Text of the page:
In the last post I talked about how we are the tabernacle of God. The symbolism of the tabernacle and how it relates to us is quite astonishing, really. Of course you have to get past the legal categories, the good-bad filter and the desperate need for a literal understanding of the Bible. Are you lost on that last concept?
Let me shock you for a moment. What if the red sea wasn’t parted by Moses? What if there weren’t these two towering walls of water like the Cecil B. Demille version? What if “parting the red sea” was a metaphor? Does your “faith crumble” and your “head boil with anger” or you “throw your hands and run to the atheist for answers?” I hope not. Still our reaction to the question, however ridiculous the question, tells us a lot about our faith. Do we have faith in a Bible? Do we have faith in data? Do we have faith in historical records? Do we have faith in the “works of God?” Or do we have faith IN GOD. Does that hurt your head? It shouldn’t. This is why God said He would “write His laws on our hearts” and “we would have no need to teach one another” because “we would all know Him.” I hope you can see that our faith is in the “person” of God, the nature of God , the character of the creator, the truth of Jesus, the interwoven beauty of our triune Father and Abba and Brother and Groom and Teacher and so much more. Our faith is in His faithfulness. This journey we are on is a relationship not an academic instruction with a test at the end. The data are meaningless without a conversation. Are you getting this?
OK, rubbing some salt on the “did He part the red sea?” wound, let me suggest that the “facts of the story” as “factual evidence” and therefore “something to be learned and memorized and trust” is a huge exercise in missing the point. In the ancient system and language and conversation of the day, water was a symbol of chaos. The Israelites needed some good material to share with their potentially hostile neighbors. The God of Israel would need to be bigger and badder and more powerful than any of the neighboring g.o.d.s. So a story that has God parting chaos for His people is pretty awesome. God delivering His people from their enemies and manipulating nature to do it, was a fantastic story. In their customs and cultures, the truth of the data (how deep was the water, how long did it take, how did Moses do it, was God doing or using Moses to do it…bla bla bla…when did it happen, did anyone see it, is there evidence…bla bla bla) was not part of the conversation. That is a western, Greek cosmology way of approaching the story. These people were fired up by just the “idea” of such a God. All the other g.o.d.s were mean and hostile and hard to please and needed child sacrifices to be happy and brought severe famine and horrific diseases just because the people didn’t worship right or bring the right sacrifice or bow down or whatever…. This God of the Israelites “saves” His people. Come on!!!! This is amazing and powerful and something to be envied. Jehovah Jireh provides a way out. This was unheard of. The “fact that He did it” in such as spectacular way (or not) was the “so what” in the story. The FACT that He did it AT ALL was mind-blowing.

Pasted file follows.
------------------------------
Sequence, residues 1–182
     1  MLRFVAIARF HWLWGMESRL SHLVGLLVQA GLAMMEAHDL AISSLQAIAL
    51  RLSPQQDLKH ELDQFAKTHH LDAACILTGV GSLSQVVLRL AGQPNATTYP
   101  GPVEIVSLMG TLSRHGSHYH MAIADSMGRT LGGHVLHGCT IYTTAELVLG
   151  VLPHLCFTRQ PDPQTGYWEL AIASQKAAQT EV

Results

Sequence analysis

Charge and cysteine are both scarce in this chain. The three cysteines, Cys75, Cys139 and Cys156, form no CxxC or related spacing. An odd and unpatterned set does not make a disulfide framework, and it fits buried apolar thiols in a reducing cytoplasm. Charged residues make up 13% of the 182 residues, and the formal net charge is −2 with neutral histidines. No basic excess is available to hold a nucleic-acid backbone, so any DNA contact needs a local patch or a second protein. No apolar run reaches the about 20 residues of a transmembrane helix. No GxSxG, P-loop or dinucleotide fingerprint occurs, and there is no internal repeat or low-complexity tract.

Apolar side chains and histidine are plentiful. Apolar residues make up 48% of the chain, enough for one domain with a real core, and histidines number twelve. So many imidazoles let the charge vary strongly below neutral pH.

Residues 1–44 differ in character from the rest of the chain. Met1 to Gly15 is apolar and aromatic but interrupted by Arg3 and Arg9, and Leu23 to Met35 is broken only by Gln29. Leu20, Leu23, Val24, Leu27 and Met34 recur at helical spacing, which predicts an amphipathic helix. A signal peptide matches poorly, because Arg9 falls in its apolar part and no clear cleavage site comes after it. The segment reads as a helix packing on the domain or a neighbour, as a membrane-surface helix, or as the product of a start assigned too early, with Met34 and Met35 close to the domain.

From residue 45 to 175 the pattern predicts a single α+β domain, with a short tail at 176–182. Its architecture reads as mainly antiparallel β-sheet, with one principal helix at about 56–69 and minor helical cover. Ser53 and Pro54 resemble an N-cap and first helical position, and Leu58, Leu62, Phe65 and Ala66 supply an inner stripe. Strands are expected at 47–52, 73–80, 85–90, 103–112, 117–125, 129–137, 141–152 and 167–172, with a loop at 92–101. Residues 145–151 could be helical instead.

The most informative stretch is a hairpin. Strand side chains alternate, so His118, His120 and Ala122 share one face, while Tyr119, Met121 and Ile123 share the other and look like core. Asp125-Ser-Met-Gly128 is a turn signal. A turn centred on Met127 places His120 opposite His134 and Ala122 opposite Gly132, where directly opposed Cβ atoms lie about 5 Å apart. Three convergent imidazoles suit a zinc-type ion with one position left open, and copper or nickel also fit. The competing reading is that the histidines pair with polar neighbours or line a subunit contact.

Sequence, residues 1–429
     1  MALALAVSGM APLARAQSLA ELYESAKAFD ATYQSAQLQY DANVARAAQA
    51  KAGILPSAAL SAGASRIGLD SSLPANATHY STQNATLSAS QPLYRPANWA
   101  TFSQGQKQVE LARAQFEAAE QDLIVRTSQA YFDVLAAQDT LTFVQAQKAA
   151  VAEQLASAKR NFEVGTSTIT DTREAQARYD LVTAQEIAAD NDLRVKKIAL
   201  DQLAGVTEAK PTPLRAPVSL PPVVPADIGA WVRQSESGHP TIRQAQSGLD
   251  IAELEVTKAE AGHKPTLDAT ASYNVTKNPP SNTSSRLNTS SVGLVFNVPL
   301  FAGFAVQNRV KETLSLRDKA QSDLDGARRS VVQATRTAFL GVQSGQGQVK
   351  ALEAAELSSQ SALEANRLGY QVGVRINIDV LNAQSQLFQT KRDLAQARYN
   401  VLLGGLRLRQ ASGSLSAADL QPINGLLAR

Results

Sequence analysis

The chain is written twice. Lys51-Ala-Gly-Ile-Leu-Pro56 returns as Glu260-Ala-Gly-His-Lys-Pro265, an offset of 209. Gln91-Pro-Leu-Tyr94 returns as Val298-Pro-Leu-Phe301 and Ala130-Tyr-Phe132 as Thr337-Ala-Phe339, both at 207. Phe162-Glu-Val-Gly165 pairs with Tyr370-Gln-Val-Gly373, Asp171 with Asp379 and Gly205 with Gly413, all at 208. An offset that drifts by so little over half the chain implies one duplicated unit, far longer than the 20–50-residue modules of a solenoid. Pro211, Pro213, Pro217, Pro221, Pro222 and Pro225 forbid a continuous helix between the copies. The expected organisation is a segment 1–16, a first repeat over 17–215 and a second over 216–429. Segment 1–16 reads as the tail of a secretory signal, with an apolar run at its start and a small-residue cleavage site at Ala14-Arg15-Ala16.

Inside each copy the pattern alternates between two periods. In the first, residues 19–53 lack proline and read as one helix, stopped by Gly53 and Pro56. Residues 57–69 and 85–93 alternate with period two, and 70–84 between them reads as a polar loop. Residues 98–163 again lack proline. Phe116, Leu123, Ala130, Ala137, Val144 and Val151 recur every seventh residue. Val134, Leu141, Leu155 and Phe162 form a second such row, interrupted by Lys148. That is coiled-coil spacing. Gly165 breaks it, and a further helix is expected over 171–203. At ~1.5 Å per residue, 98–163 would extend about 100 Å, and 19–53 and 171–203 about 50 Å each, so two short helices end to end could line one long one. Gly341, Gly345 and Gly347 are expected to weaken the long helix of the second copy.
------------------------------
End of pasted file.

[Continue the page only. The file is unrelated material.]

Now with a reframing of sorts, how about another look at the tabernacle and the ark?
Step back into the Holy of Holies. The walls are these “boards” of acacia wood that are covered with gold and held together with acacia wood poles which are also covered with gold. Remember gold would be the “God stuff” and wood would be the “man stuff.” Even in the structure is the evidence of the union of God and man. Now in this room there was the glory or presence of God. His presence was so strong that the room glowed with a divine light. Now imagine yourself as the tabernacle. This glory or presence is in you. Oh, yeah.
Now back to the ark. Again this is an ark made of wood (the dirt part of us) and gold (the divine union God has with us). Our basic human desire parts are on the inside of the ark covered by the mercy seat (Jesus). The jar of manna represents what we need, food and stuff. If we trust God we have plenty at the right time and it is good. If we horde and worry and store up because we don’t have faith in God, it spoils and the worms eat it and all that “Appolyon” stuff. In the ark is also the budding rod which represents structures and plans and leadership and authority. When we trust God’s plan it works out and dead sticks produce flowers and buds and fruit. When we take matters into our own hands, it turns into ashes and death and wars. And of course the tablets of stone. When we make the laws or use the laws of God as an accusatory tool against another, we are the voice of the accuser. The Bible calls that “the satan.” Ouch. If we let the law do what is was intended, namely show us how to love one anther, then we have means to surrender our fallen way of community to a divine way of community. So, I hope you see, the ark and the tabernacle could be a metaphor of us, right? How about a verse?